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Perinatal Database Registry chart abstraction validation report MacIntyre, Elaina 2008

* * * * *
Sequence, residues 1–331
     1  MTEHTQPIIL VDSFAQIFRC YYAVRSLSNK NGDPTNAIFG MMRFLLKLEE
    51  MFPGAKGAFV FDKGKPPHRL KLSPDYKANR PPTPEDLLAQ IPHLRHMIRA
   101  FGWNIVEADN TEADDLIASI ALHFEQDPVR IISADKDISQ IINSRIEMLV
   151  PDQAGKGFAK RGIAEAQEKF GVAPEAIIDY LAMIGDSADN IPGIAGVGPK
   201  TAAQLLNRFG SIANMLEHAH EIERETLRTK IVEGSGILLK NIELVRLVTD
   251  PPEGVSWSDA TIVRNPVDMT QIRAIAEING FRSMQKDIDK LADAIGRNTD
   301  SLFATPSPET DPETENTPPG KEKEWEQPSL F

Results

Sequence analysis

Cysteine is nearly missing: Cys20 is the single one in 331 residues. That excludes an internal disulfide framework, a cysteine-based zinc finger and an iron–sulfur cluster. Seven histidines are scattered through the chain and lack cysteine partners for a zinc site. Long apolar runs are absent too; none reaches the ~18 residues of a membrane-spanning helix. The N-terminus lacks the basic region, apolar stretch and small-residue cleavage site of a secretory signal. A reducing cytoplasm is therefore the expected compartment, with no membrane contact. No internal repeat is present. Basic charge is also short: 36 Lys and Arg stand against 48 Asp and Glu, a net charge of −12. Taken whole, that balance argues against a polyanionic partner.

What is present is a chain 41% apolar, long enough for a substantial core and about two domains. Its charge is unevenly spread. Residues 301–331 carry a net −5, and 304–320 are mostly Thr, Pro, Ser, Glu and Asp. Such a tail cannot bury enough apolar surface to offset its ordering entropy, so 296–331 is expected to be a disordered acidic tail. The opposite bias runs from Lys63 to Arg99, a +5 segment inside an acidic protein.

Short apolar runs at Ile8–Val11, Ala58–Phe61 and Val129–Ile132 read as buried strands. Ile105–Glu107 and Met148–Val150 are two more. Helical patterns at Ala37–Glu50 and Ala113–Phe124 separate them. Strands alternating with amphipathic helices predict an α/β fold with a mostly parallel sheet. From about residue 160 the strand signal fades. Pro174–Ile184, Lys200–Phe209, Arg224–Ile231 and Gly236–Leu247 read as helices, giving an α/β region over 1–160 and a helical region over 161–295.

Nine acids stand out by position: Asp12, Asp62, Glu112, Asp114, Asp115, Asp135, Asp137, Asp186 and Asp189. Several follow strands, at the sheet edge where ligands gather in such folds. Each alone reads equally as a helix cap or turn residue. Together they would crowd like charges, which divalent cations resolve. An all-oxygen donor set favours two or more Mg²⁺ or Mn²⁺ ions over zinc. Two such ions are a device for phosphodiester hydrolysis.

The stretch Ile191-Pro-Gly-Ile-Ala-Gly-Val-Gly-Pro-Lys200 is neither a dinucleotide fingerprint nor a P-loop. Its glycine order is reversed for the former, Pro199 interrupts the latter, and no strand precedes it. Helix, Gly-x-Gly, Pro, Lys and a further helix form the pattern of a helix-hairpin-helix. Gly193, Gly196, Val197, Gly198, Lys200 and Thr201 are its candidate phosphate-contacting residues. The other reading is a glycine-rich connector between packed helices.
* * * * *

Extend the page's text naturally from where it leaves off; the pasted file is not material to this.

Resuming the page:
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PERINATAL DATABASE REGISTRY CHART ABSTRACTION VALIDATION REPORT Elaina MacIntyre Michelle Linnegar Cornel Lencar Michael Brauer Paul Demers Aleck Ostry University of British Columbia June 15, 2006 Introduction As part of the Border Air Quality Study1 we have developed a birth cohort consisting of all children born in the Georgia Air Basin2 of British Columbia during 1999-2002. The goal of this study is to determine the impact of air pollution on various health outcomes (adverse birth outcomes, bronchiolitis, otitis media, bronchitis and asthma) during prenatal and early childhood development.  We have successfully linked children of this cohort to residential air pollution exposure histories beginning at conception. Our birth cohort has been linked to the BC Perinatal Database Registry to provide information about birth outcomes, medical conditions during pregnancy and socio- economic indicators. We are particularly interested in obtaining information on early exposure to tobacco smoke, directly through maternal smoking or less directly as “second-hand” smoke. This is important in order to properly control for confounding in our analyses of air pollution and respiratory health outcomes (such as asthma, bronchiolitis, otitis media).  The BC Reproductive Care Program was initiated in June 1988 with the objective of collecting and evaluating perinatal outcomes, care processes and resources via a province-wide computerized database, which led to the development of the BC Perinatal Database Registry (PDR)3. The mission of the PDR is to collect, maintain analyze and disseminate comprehensive, province-wide perinatal data for the purpose of monitoring and improving perinatal care. While participation is voluntary, the registry currently captures 99% of all births in the province. The database undergoes regular validation edits and quality checks.  Here we describe a chart abstraction study at BC Women and Children’s Hospital conducted to 1) determine the consistency with which key information on maternal risk factor data (parental occupation, ethnicity and education: environmental tobacco smoke exposure) is available from patient hospital charts and prenatal care records and recorded on the PDR ‘antenatal record’ data forms (but not coded and entered into the perinatal database itself) and 2) to assess the reliability of data coding from patient hospital charts and prenatal care into the perinatal database. Using our birth cohort, we have randomly select one percent of the files of women birthing at Women and Children’s hospital during each of our study years.  100 charts were been randomly sampled from each study year: 1999, 2000, 2001 and 2002. Maternal risk factor information of interest includes; maternal smoking and second hand smoking, breastfeeding, ethnicity, education and occupation.  BC Women and Children’s hospital was selected for the chart review because it has the largest number of births in the province (approximately 7,000/year). Additionally, this hospital receives referrals from all over the province, and because the antenatal form is completed by the primary care provider, this should allow for a reasonable snapshot of antenatal form data from the entire province.  1 See http://www.cher.ubc.ca/UBCBAQS/aboutthestudy.htm for more information. 2 Including the Lower Mainland, Eastern Vancouver Island, Sunshine Coast, and Fraser Valley. 3 See http://www.rcp.gov.bc.ca/ for more information.  1 Methodology Perinatal Database Registry staff provided the Hospital’s records department with identifying information for the patient files. These charts were retrieved and photocopied by a registered technician employed by the hospital with all personal identifying information removed. Specific data was then abstracted from the anonymized charts before comparison with the electronic file obtained from the PDR.  While there are many types of information collected on the PDR antenatal record form, we have considered a relatively small number of variables for this study. These specific variables were chosen based on information of importance for risk factors for childhood respiratory diseases and birth outcomes and based on results from a pilot study (Appendix 1). The following relevant data fields are presently included on the PDR antenatal record form and used in our analysis:  Ethnic origin of mother Ethnic origin of father Alcohol consumption during pregnancy T-ACE score Smoking before pregnancy Cigarettes per day Smoking during pregnancy Cigarettes per day Second hand smoke Number of school years completed by mother Mother’s work Hours worked per day and expected leave date Partner’s work Breastfeeding planned antenatally Table 1. Variables of interest on Antenatal Record Forms  However, only a subset of these fields are recorded into the PDR electronic database:  Alcohol consumption during pregnancy T-ACE score Smoking during pregnancy Cigarettes per day Breastfeeding planned antenatally Table 2. Variables of interest coded for Perinatal Database Registry  An additional data field, although not recorded on the antenatal record form, but available from hospital charts was also evaluated to generate summary information for this subset of subjects: ! Breastfeeding initiated prior to discharge   2 Validation was conducted to determine the consistency with which the variables listed in Table 1 were recorded in patient records. We also compared information from the chart review with the perinatal database to examine the accuracy of coding for the subset of variables (Table 2) included in the database.   In total, 401 records, 100 randomly selected from each year (one additional chart was reviewed for 1999), were reviewed. Relevant data from the patients chart were abstracted and entered into an Excel file.  Patient records that were analyzed (not all were completed for all patients) included: ! PDR Antenatal Record Form part 1 (Appendix 2) – completed by physician ! Pre-1999 Prenatal form used by  the PDR (pre-1999) ! Hospital discharge summary – completed by nurse ! Dictated discharge summary – completed by physician ! Physician progress notes ! Inter-professional progress notes ! Operative reports ! Outside letters and triage admission forms.  To assess breastfeeding initiation, the data sources most often used were discharge summary and inter-professional progress notes. For all other variables of interest, the data source most commonly used was the PDR antenatal record form.  On the PDR antenatal record form (Appendix 2), a checkmark indicates only that the subject has been discussed with the patient. Where there are concerns (as assessed by health care provider or patient) there is room for specific comments to be recorded.  Ethical approval for the study methodology was obtained from the University of British Columbia Behavioral Research Ethics Board. Results & Discussion Chart Review Of the 401 charts that were reviewed, seven did not include a PDR antenatal record form but had been entered into the Perinatal Database Registry4. In the subsequent tables we present summaries of data recorded on the PDR antenatal record form for each of the 394 charts.  Ethnicity On the PDR Antenatal form, demographic information is to be filled in at the primary care giver’s office. According to the perinatal forms guidelines (Appendix 3), the purpose of asking for both parents ethnicity is to appropriately screen for genetic diseases. Our  4 Other data sources were obtained from these charts such as physician progress notes, discharge summaries, social work reports, etc.  3 review found that maternal ethnicity status was recorded in 310 (79%) charts while paternal ethnicity status was recorded in only 262 (66%) charts (Table 3).  Maternal Paternal Number Percent Number Percent Aboriginal 6 2% 6 2% Asian 125 32% 104 26% Black 7 2% 6 2% Caucasian 119 30% 106 27% East-Indian 34 9% 32 8% Latino 19 5% 8 2% Not recorded 84 21% 132 34%    Table 3. Ethnic origin of parents   Alcohol consumption Alcohol consumption during pregnancy was recorded in 362 (92%) charts (Table 4). While 9 mothers reported occasional drinking, only one antenatal record form included a T-ACE score. The majority of mothers reported no alcohol use during pregnancy.    Number Percent Yes 9 2% No 353 90% Not recorded 32 8%        Table 4. Alcohol Consumption  Smoking Smoking status before pregnancy (either yes or no) was ascertained in 289 (74%) of the 394 charts and smoking status during pregnancy was ascertained in 353 (90%) of the 394 charts (Table 5). These results show that physicians more consistently record information on smoking during pregnancy versus prior to pregnancy. This may be partly due to the PDR including data on smoking during, but not prior to, pregnancy.   Before Pregnancy During Pregnancy Number Percent Number Percent Yes 26 7% 20 5% No 263 67% 333 85% Not recorded 105 26% 40 10% Can not determine5 - - 1 <1%          Table 5. Self-reported smoking status   5 PDR Antenatal Record Form was illegible.  4 Table 6 includes information on the level of smoking prior to and during pregnancy. Again, there were 67% and 85% that reported no smoking (“none”) prior to and during pregnancy, respectively. For those who reported smoking before pregnancy (n=26) amounts were missing in 7 charts and for those who reported smoking during pregnancy (n=20) amounts were missing in 3 charts. These numbers are reflected by slight increases in the “not recorded” section in Tables 5 and 6. Most mothers who reported smoking prior to and during pregnancy also reported a decrease in quantity smoked per day.   Before Pregnancy During Pregnancy Number Percent Number Percent >19 /day 3 <1% 1 <1% 10 – 19 /day 5 1% 3 1% 5 – 9 /day 3 <1% 6 2% < 5 /day 8 2% 7 2% None 263 67% 334 85% Not recorded 112 28% 43 10%   Table 6. Self-reported number of cigarettes per day smoked  Exposure to second hand smoke was recorded in 146 (37%) of the 394 charts that were reviewed (Table 7).  Of the 15 charts which reported exposure to second hand smoke; 2 were current smokers, 3 attributed exposure to workplace environments, 7 lived with current smokers, and 3 had no information about the source of exposure. In 248 (63%) of the charts there was no information about second hand smoke.   Number Percent Yes 15 4% No 131 33% Not recorded 248 63%        Table 7. Second hand smoke  Parental education In our chart review we found “number of school years completed” by mother to be the least consistently recorded field of all those examined (Table 8). There were 357 (91%) charts missing this information despite the fact that the guidelines for form completion highlight the importance of this information as an indicator of socioeconomic status. Of the 37 charts which included information on school years, only half reported the actual number of school years completed while the remainder reported the highest degree/diploma obtained. Of the 357 charts that left this section blank, it may be possible to sometimes use type of work (when completed) as a surrogate.    Number Percent Recorded 37 9% Not recorded 357 91%        Table 8. Educational status of mother  5 Parental Employment Information on mother’s employment status was recorded in 292 (74%) charts while information on partner’s employment status was recorded in only 223 (57%) charts (Table 9). Unlike ethnicity, some of the discrepancy for employment, between mother and partner, may be attributed to single parent families. There is no option on the present PDR antenatal record form to indicate the absence of a partner, thus where the field was empty and considered here as “not recorded” it may actually have been non-applicable. Where the data was obtained, most of the mothers were presently working (260 out of 292) and most partners were working (215 out of 223).   Mother Partner Number Percent Number Percent Yes 260 66% 215 55% No 32 8% 8 2% Not recorded 102 26% 168 43% Can not determine - - 3 1% Table 9. Employment status6 of parents  Breastfeeding In the section ‘topics for discussion’ of the PDR Antenatal Record Form women are asked their plans for breastfeeding (Appendix 2). The form is laid out so that a checkmark beside ‘breastfeeding’ indicates that the topic has been discussed with the patient and a second checkmark beside ‘yes’ or beside ‘no’ indicates that they have decided (or not) to breastfeed. As can be seen in Table 10, this field was rarely completed. Breastfeeding was only discussed in 42 (11%) charts. Also, of the women who discussed breastfeeding with their doctor, approximately one-third had made a decision.   Number Percent Yes 10 3% No 3 1% Discussed but undecided 29 7% Not recorded/discussed 352 89%           Table 10. Breastfeeding planned during pregnancy  Feeding patterns were assessed for each newborn prior to being discharged from the hospital. While this information is not recorded in the PDR antenatal record form, it is obtained from other data sources within the patients chart and entered into the PDR. Table 11 shows the type of feeding initiated for the 392 newborns (394 minus 2 stillbirths). In 344 (88%) of the charts the mother was able to initiate breastfeeding (either exclusively or in combination with bottle feeding).   6 “yes” for employment status included those who reported as homemakers, “no” included those who reported as unemployed.  6 Of the 48 (12%) children who were recorded as being bottle fed, 13 were fed with expressed breast milk.  Expressed breast milk (EBM) is pumped breast milk, and was most commonly used because the mother had difficulty directly breastfeeding or was unable to breastfeed because the newborn had been placed in the intensive care unit. In examining breastfeeding as a protective risk factor for childhood respiratory disease there is potential for misclassification due to the strict usage of the terms in Table 10. When newborns fed with EBM are included in the overall breastfeeding group the actual proportion who received breast milk becomes slightly higher at 91%.   Number Percent Breastfed exclusively 147 38% Mixed bottle and breastfeeding 197 50% Bottle/Other 48 12%  Table 11. Type of feeding initiated prior to discharge  Summary of chart review and recording of information. Table 12 provides a breakdown by year of the incomplete charts (referred to as ‘not recorded’) for each of the data fields reported thus far.  For most variables there is little difference from year to year. In general, only smoking and alcohol consumption were recorded in sufficiently high percentages to warrant use in epidemiological analyses.     Birth Year   1999 2000 2001 2002 Total Ethnicity maternal  22 17 21 24 84 paternal 34 29 29 40 132  Alcohol consumption 6 10 4 12 32  Smoking before pregnancy 9 26 35 35 105 during pregnancy 3 12 11 14 40 Second hand smoke 89 64 49 46 248  Education  mother 97 86 86 88 357  Employment mother  25 22 32 23 102 partner 37 32 52 47 168  Plan to breastfeed 89 87 87 89 352 Total Charts Reviewed 99 99 98 98 394          Table 12. Incomplete charts by data field and year   7 Comparison with the Perinatal Database Registry Comparison was made between the PDR antenatal record form and the perinatal database for the following fields: ! alcohol consumption during pregnancy ! T-ACE score ! smoking during pregnancy ! number of cigarettes per day ! breastfeeding planned antenatally. The perinatal database considers only information from the “social history” section of the PDR antenatal record form for these variables (Appendix 2) and no other sources of data within the patients chart are used. Tables 13-17 show the distribution of responses in each category for the chart review and as recorded in the database.  Smoking For smoking during pregnancy (Table 13), we identified 262 charts that were recorded into the database as unknowns (left blank) but for which the chart review classified the subjects as nonsmokers. Of the 15 current smokers who were correctly recorded as such in the PDR, 13 included information on amount smoked in both their chart and database entry. The PDR identified 6 current smokers who, according to their chart reviews, did not smoke during pregnancy. Smoking status prior to pregnancy for these 6 charts identified three former smokers and two never smokers (one not recorded). For the chart review, the Antenatal Record form was used to assess smoking status for 5 of these charts (in one chart smoking status was determined from the triage form). The perinatal database recorded 3 current nonsmokers who, according to their chart reviews, were actually smokers during pregnancy. Of these three, all were smokers prior to becoming pregnant and all reported the quantity smoked during pregnancy. The perinatal database also recorded blanks for two subjects identified as smokers during pregnancy from the chart review. Of these two, both were smokers prior to pregnancy and one listed the amount smoked. Finally, there were 6 charts for which we were unable to ascertain smoking status during the chart review but were recorded in the perinatal database as nonsmokers.                 Chart Review Database Yes No Not Recorded Total Yes 15 6 - 21 No 3 65 6 74 Blank 2 262 35 299   Table 13. Comparison for smoking during pregnancy  If there was perfect agreement between the chart review and the perinatal database we would see 100% sensitivity and 100% specificity, instead we calculated a sensitivity of  8 75% and a specificity of 20%7. This means that a true smoker is accurately identified 75% of the time and a true nonsmoker is accurately identified only 20% of the time.  Because such a large number of nonsmokers (262) were entered into the database as blanks, we decided to combine the ‘no’ and ‘blank’ rows. From Table 14 the sensitivity is 75% and the specificity is 98%. The specificity increased almost five-fold, indicating that nonsmokers are likely to be entered into the perinatal database as blanks for this variable.  .                Chart Review Database Yes No Not Recorded Total Yes 15 6 - 21 No/Blank 5 327 41 373   Table 14. Comparison for smoking during pregnancy  Alcohol The sensitivity (100%) and specificity (99%) for alcohol consumption during pregnancy was excellent (Table 15). As in Table 14, patients with no data entered into the database (‘blank’) were collapsed with ‘no’. Of the two charts recorded into the perinatal database as ‘yes’ for alcohol consumption but in the chart review as ‘no’, one did have a Ministry alert for drug and alcohol use. For the 394 charts reviewed, only one chart contained a T- ACE score on the antenatal record form. The database comparison did not identify any T- ACE scores. It is not known why the one T-ACE score identified through our chart review was not recorded into the perinatal database.                  Chart Review Database Yes No Not Recorded Total Yes 9 2 1 12 No/Blank - 351 1 352 Unknown - - 30 30   Table 15. Comparison for alcohol consumption during pregnancy  Breastfeeding Technically, breastfeeding planned antenatally is collected from two PDR forms: the “Antenatal Record Part 1” and the “Newborn Record Part 1”. However, the breastfeeding section on the newborn record form is rarely completed8. Thus, the Antenatal Record form is the best source for this data, but as we presented in Table 10, this field is rarely completed. Table 16 highlights the problems with this data field; sensitivity and specificity are both zero.   7 Sensitivity is calculated as the proportion of true positives (chart review – yes) correctly identified as positive (yes) in the database. Specificity is calculated as the proportion of true negatives (chart review – no) correctly identified as negative (no) in the database. 8 Personal communication with Wendy Kearns, Data Quality Analyst.  9                 Chart Review Database Yes No Discussed/ Undecided Not Recorded Total Yes - - 1 - 1 No - - - 5 5 Unknown/Blank 10 3 28 347 388     Table 16. Comparison for breastfeeding planned antenatally  As discussed for Table 11, there were some discrepancies in the recording of the ‘breastfeeding initiated at time of discharge’ variable. For the PDR, feeding of expressed breast milk (alone or in combination with formula) is abstracted as breastfeeding. Similarly to Table 14, we collapsed ‘blank’ charts with ‘yes’ for breastfeeding status from the perinatal database (Table 17).  The sensitivity is 95% and specificity is 73%.                  Chart Review Database Yes (breastfeeding & mixed) No (bottle/other) Not Recorded Total Yes/Blank 328 13 - 341 No 16 35 2(stillborn) 53      Table 17. Comparison for breastfeeding initiated at time of discharge  Conclusion Overall, we found that maternal and paternal ethnicity is recorded in approximately 79 and 66 percent of PDR Antenatal Record forms, respectively and thus would be a variable that would offer reasonably useful data if coded and entered into the PDR. Only 10% of our chart abstractions contained information on maternal educational status while maternal employment status was recorded in 74% of our charts and was specified in all instances. It may sometimes be possible to infer educational status from job specifics (ex. sales manager, lawyer, pharmacist), but certainly not in all cases (ex. housewife, student). Therefore, there appears to be little opportunity to enter reliable information regarding educational status, but strong possibilities for entry of occupational information in the PDR. Partner’s employment status was recorded in 57% of the charts we abstracted. These results were all similar to our original findings in the pilot study (Appendix 1).  Results for alcohol consumption and smoking status were slightly better than what was found during the pilot study and indicated that these variables are being reliably recorded in the PDR. Of the charts reviewed, 92% included alcohol consumption during pregnancy. Smoking status during pregnancy was ascertained in 90% of the charts reviewed while smoking status prior to pregnancy was ascertained in only 74%. Similarly, the quantity smoked per day was recorded for 85% of current smokers and 73% of former smokers. Second hand smoke exposure was recorded in only 37% of the charts and therefore does not appear to be ascertained adequately for incorporation in epidemiological analyses.  10  Breastfeeding planned antenatally was poorly recorded (11%), but type of feeding initiated at time of discharge from hospital was ascertained for every chart abstracted9 and therefore would appear to provide reliable information about breastfeeding initiation.  In examining the accuracy with which data is entered into the PDR, there was some misclassification with respect to blank entries. For smoking status and alcohol consumption, a large proportion of ‘no’ charts were entered into the PDR as blank fields (n=262 and 351, respectively). For breastfeeding the opposite was found, a large proportion of ‘yes’ charts were entered as blank fields (n=326). There was no trend in this finding across the four years studied.  Additionally, while the sensitivities and specificities for smoking status and alcohol consumption were quite high (after collapsing blank entries), this reflected only charts where these variables were recorded. There were 41 and 32 charts missing data for smoking during pregnancy and alcohol consumption, respectively. There is no such limitation with the sensitivity and specificity calculated for breastfeeding initiation because this variable was recorded for every live birth.  The results from this sub-study indicate that, during the period of interest, breastfeeding initiation and smoking status during pregnancy were routinely recorded on the PDR antenatal record form. Further, after collapsing blank entries in the perinatal database, the coding of these variables had high sensitivity and specificity. Both of these variables are of interest to the Border Air Quality Study. Breastfeeding tends to protect infants and children from respiratory infections through passive immunity while secondhand smoke exposure is a known risk factor for many of the health outcomes being considered in the study. These variables also tend to be correlated with socioeconomic status.   9 Excluding stillbirths.  11 Appendix 1 – Pilot Study A pilot sample of 48 hospital charts from BC Children and Women’s Hospital were randomly selected. This sample consisted of 12 charts from each of the years 1999, 2000, 2001 and 2002. To ensure that smoking history could be evaluated we obtained an additional 12 hospital charts (3 randomly selected from each year) of known smokers.  These charts were reviewed in detail to evaluate the availability of any exposure and social determinants risk factor information. Following this evaluation we determined that at least partial information was available for the following variables to be evaluated in more detail: smoking before pregnancy, number of cigarettes per day, smoking during pregnancy*, number of cigarettes per day*, second hand smoke, alcohol consumption during pregnancy*, ethnic origin of mother, ethnic origin of father, employment status of mother, employment status of partner, mother’s occupation, partner’s occupation, educational attainment for mother, initiation of breastfeeding* (*coded for by the perinatal database).  Random Chart Review (n=48) For the alcohol consumption variable: 40 women had no concerns and 8 had no information recorded (not discussed). No T-ACE scores were reported. For the drug use variable: 6 women had no concerns, 11 had no history, 23 reported no drug use and 8 had no information recorded (not discussed). For the smoking before pregnancy variable: 17 women had no concerns about smoking before pregnancy, 12 had no history of smoking, 9 were not presently smokers and 10 had nothing recorded (not discussed). Of these, two women reported smoking in the past but no information was recorded regarding the quantity. For the smoking during pregnancy variable: 13 women had no concerns, 11 had no history of smoking, 17 were not presently smokers and 7 had no information recorded (not discussed). There was no information on quantity recorded. Mother’s ethnic status was properly recorded in 40 charts (2 charts were not usable and 6 charts had no information). Father’s ethnic status was properly recorded in 30 charts (3 unusable and 15 had no information). Mother’s education was properly recorded in 5 charts, 43 had no information. Mother’s occupation was recorded in 32 charts (29 recorded specifics of mothers work and 3 did not work). Father’s occupation was recorded in 25 of the 48 charts reviewed.  12   Discussed risk factor with patienta Patient concerned about risk factorb Alcohol  40/48 = 83% none Drug use 40/48 = 83% none Smoking - before pregnancy  38/48 = 80% 21 (out of 38)             - during pregnancy 31/48 = 65% 18 (out of 31) a indicated by a check mark. b indicated by additional comments.   Recorded Ethnic status - mother 40/48 = 83%                      - father 30/48 = 63% Education     - mother 5/48 = 10% Occupation   - mother 32/48 = 67%                - partner 25/48 = 52%  We would expect that a random sample would identify several smokers but according to the chart review only 2 prior smokers were identified. This is quite low and indicates that smoking before pregnancy and during pregnancy might be under-recorded. The main form used to record smoking information has a vague way of recording this information. The PDR antenatal record form has a box labeled “discussed” which the recorder can check. If checked, and there is no amount listed in the ‘number of cigarettes per day’ line this presumably means that the woman is not a smoker. Additionally, 10 of 48 forms were not filled in for smoking prior to pregnancy which may also explain the under- ascertainment of smoking. Ideally, we would like to compare the recorded prevalence of smoking to some gold standard (probably the expected smoking prevalence for pregnant women in Vancouver). The related issue of course is whether this information gets translated onto the perinatal electronic database registry. It is not possible to interpret chart fields where no data has been recorded. This missing information could indicate that the issue was not discussed or that it was not felt to be important or, in the case of yes/no answers, that the mother responded “no”. Mother’s ethnic status seems to be obtainable from these charts, father’s ethnic status is less consistently recorded but may also be obtainable. Of the 29 mothers who reported that they were presently working, all charts included specifics. 23 charts were missing any information on father’s occupation, once again this could be interpreted in numerous ways: not discussed at visit, father not currently working or father not involved with pregnancy. Data on alcohol and drug use were consistently recorded. Educational status is the most poorly recorded data of those considered.  Known Smoker Chart Review (n=12) For the smoking before pregnancy variable: 9 reported smoking and 3 reported no smoking. Of these, 5 women reported the quantity of cigarettes smoked on a daily basis. For the smoking during pregnancy variable: 10 were presently smokers and 2 reported no smoking. Of these, 9 reported the quantity of cigarettes smoked per day. Of these 12 known smokers, 1 reported exposure to passive tobacco smoke, 2 reported that they were not concerned about passive smoke exposure and 9 had nothing recorded.  13   Smoking Recorded as smokers Information on quantity before pregnancy   9/12 = 75% 5 (out of 9) during pregnancy 10/12 = 83% 9 (out of 10)   Discussed risk factor with patienta Patient concerned about risk factorb Second hand smoke 3/12 = 25% 1 (out of 3) a indicated by a check mark. b indicated by additional comments.  We know that these 12 people smoked either before and/or during pregnancy but there is virtually no information on passive smoking. Of those who reported smoking before pregnancy, the quantity was only listed for about half (5/9) but for those who reported smoking during pregnancy the quantity was listed for almost all (9/10).   14 Appendix 2 – PDR Antenatal Record Form  15 1. British Columbia Antenatal Record Part  1 HOSPITAL PRIMARY CARE GIVER FAMILY PHYSICIAN AGE ETHNIC ORIGIN OF NEWBORN’S FATHER LANGUAGE PREFERRED AGE AT EDD  MOTHER'S NAME MOTHER'S MAIDEN NAME ETHNIC ORIGIN PARTNER'S  NAME DATE OF BIRTH D         M          Y SIGNATURE: MD/RM  HLTH 1582-1 Rev. Rev. 02/03  Prepared by: The British Columbia Reproductive Care Program  WHITE- MOTHER'S CHART YELLOW - INFANT’S CHART PINK - PHYSICIAN/ MIDWIFE DATE SURNAME GIVEN NAME ADDRESS PHONE NUMBER PERSONAL HEALTH NUMBER PHYSICIAN / MIDWIFE NAME INFORMED CONSENT (in compliance with the Freedom of Information and Protection of Privacy Act, Oct. 1993) .  I understand that providing this information is necessary to assist the physician/midwife in planning my care throughout pregnancy, childbirth and postpartum; my personal information will be kept private. I also understand this information may be reviewed when necessary by other health professionals directly involved in my care.  This information is collected in accordance with the provisions of the Freedom of Information and the Protection of Privacy Act by the Perinatal Database Registry, an integral part of the Ministry of Health supported and funded British Columbia Reproductive Care Program.  I understand that I can ask my care provider if I have any questions regarding the collection and use of this information. Mother's Signature: Witness: Date: 2. no yes (specify) OPERATIONS CV OR RESPIRATORY ANESTHETIC PROBLEMS Rx BLOOD PRODUCTS INFECTIONS, STDS etc. SUSCEPTIBLE TO CHICKEN POX THROMBOEMBOLIC / COAG. HYPERTENSION GI URINARY DIABETES OR ENDOCRINE SEIZURE OR NEUROLOGIC DEPRESSION OR PSYCHIATRIC OTHER BIRTH WEIGHTPERINATAL COMPLICATIONS CHILDREN WEEKS AT DELIVERY HOSPITAL OF BIRTH  OR ABORTION DELIVERY TYPE 3.  OBSTETRICAL HISTORY INCLUDING ABORTIONS DATE SEX PRESENTHEALTH Gravida Term Preterm Abortion Living HRS.IN ACTIVE LABOUR D M Y 4. 7.   PRESENT PREGNANCY CONTRACEPTION METHOD: 6. BELIEFS & PRACTICES COMPLEMENTARY Rx's EDD BY DATESLMP CURRENT MEDICATIONS discussed concerns (specify) NUTRITION SPECIAL DIET FOLIC ACID start date: ALCOHOL T-ACE SCORE (see reverse): DRUGS (OTC's, vitamins) SUBSTANCE USE IPV SMOKING (before pregnancy) Cigs./day SMOKING (currently) Cigs./day SECOND HAND SMOKE FINANCIAL/HOUSING SUPPORT SYSTEMS NUMBER OF SCHOOL YEARS COMPLETED: WORK (specify type): hours worked per day: quitting date: partner's work: EARLY COMMUNITY SERVICES REFERRAL OTHER  REFERRAL MUSCULOSKELETAL &SPINE VARICES & SKIN PELVIC EXAM SWABS / CERVIX CYTOLOGY 13. BP 10.  FAMILY HISTORY 11.  EXAMINATION D M Y D M Y MENSES CYCLE WHEN STOPPED: D M Y EDD BY US 8. PAST ILLNESS no HEART DISEASE HYPERTENSION DIABETES DEPRESSION OR PSYCHIATRIC ALCOHOL/ DRUG USE THROMBOEMBOLIC / COAG. INHERITED DISEASE/DEFECT ETHNIC ( e.g. Taysachs, Sickle) OTHER SUMMARY 9. SOCIAL HISTORY D     M       Y 12. TOPICS FOR DISCUSSION Rest / Preterm Labour Sexual Relations GBS Management VBAC Hospital Admission/ Procedures Birth Plan Pain Management Baby's Best Chance Prenatal Education Breastfeeding plans to BF   yes   no Breast / Nipple Care Exercises Genetic Counselling HIV Testing Call Schedule Labour Stages C-Section Baby Care SIDS Prevention Circumcision HEAD & NECK BREAST / NIPPLES HEART & LUNGS ABDOMEN no yes (specify) BLEEDING NAUSEA INFECTIONS OR FEVER DEPRESSION OTHER MATERNAL PATERNAL yes (specify) 5. ALLERGIES      NONE KNOWN  YES (specify): I have discussed the benefits and risks of planned or potential transfusion therapy    Maternal serum screening offered of blood and/or blood products with the patient Appendix 3 – Perinatal Forms Guideline   16 RISK IDENTIFICATION PAST OBSTETRICAL HISTORY RISK FACTORS Neonatal death Stillbirth Abortion ( 12 - 20 weeks ) Habitual abortion ( 3+ ) Prior preterm birth ( 33 - 36 wks. ) Prior preterm birth ( 20 - 33 wks. ) Prior Cesarean birth ( uterine surgery ) Prior IUGR baby Prior macrosomic baby Rh Immunized ( antibodies present ) Prior Rh affected preg. with NB exchange or prem. Major congenital anomalies (eg. Cardiac, CNS, Down's Syndrome.) P.P. Hemorrhage PROBLEMS IN CURRENT PREGNANCY RISK FACTOR Diagnosis of large for dates Diagnosis of small for dates (IUGR) Polyhydramnios or oligohydramnios Multiple pregnancy Malpresentations Membrane rupture before 37 weeks Bleeding Pregnancy induced hypertension Proteinuria > 1+ Gestational diabetes documented Blood antibodies (Rh, Anti C, Anti K, etc.) Anemia  ( < 100g per L ) Admission in preterm labour Pregnancy ≥ 42 weeks Poor weight gain 26 - 36 weeks ( <.5 kg / wk ) or weight loss MEDICAL HISTORY RISK FACTORS DIABETES Controlled by diet only Diet only macrosomic fetus Insulin dependent Retinopathy documented HEART DISEASE Asymptomatic (no effect on daily living) Symptomatic ( affects daily living) HYPERTENSION 140 / 90 Hypertensive drugs Chronic renal disease documented OTHER Age under 18 at delivery Age 35 or over at delivery Obesity (equal or more than 90kg. or 200 lbs.) Height (under 1.57 m  5 ft.  2 in.) Height (under 1.52 m  5 ft.  0 in.) Depression Alcohol and Drugs Smoking any time during pregnancy Other medical / surgical disorders e.g. epilepsy, severe asthma, Lupus etc. Reference: Sokol, R et al. The T-ACE Questions, Pratical Prenatal Detection of Risk Drinking, American Journal of Obstetrics and Gynaecology, Vol. 160, No. 4 April 1989. T olerance How many drinks does it take to make you feel high? Score 2 for more than 2 drinks Score 0 for 2 drinks or less Score 1 point for each Yes answer to the following : A nnoyance Have people annoyed you by criticizing your drinking? C ut down Have you felt that you ought to cut down on your drinking? E  ye opener Have you ever had a drink first thing in the morning to steady your nerves or get rid of a hangover? High Risk Score = 2 or more points CARDIAC CLASSIFICATION (New York Heart Association) CLASS I No limitation of physical activity. CLASS II Slight limitation of physical activity. CLASS III Marked limitation of physical activity. CLASS IV Inability to perform any physical activity without discomfort. Reference:Williams Obstetrics. (20 th Ed.) 1997, Appleton and Lange T-ACE  QUESTIONNAIRE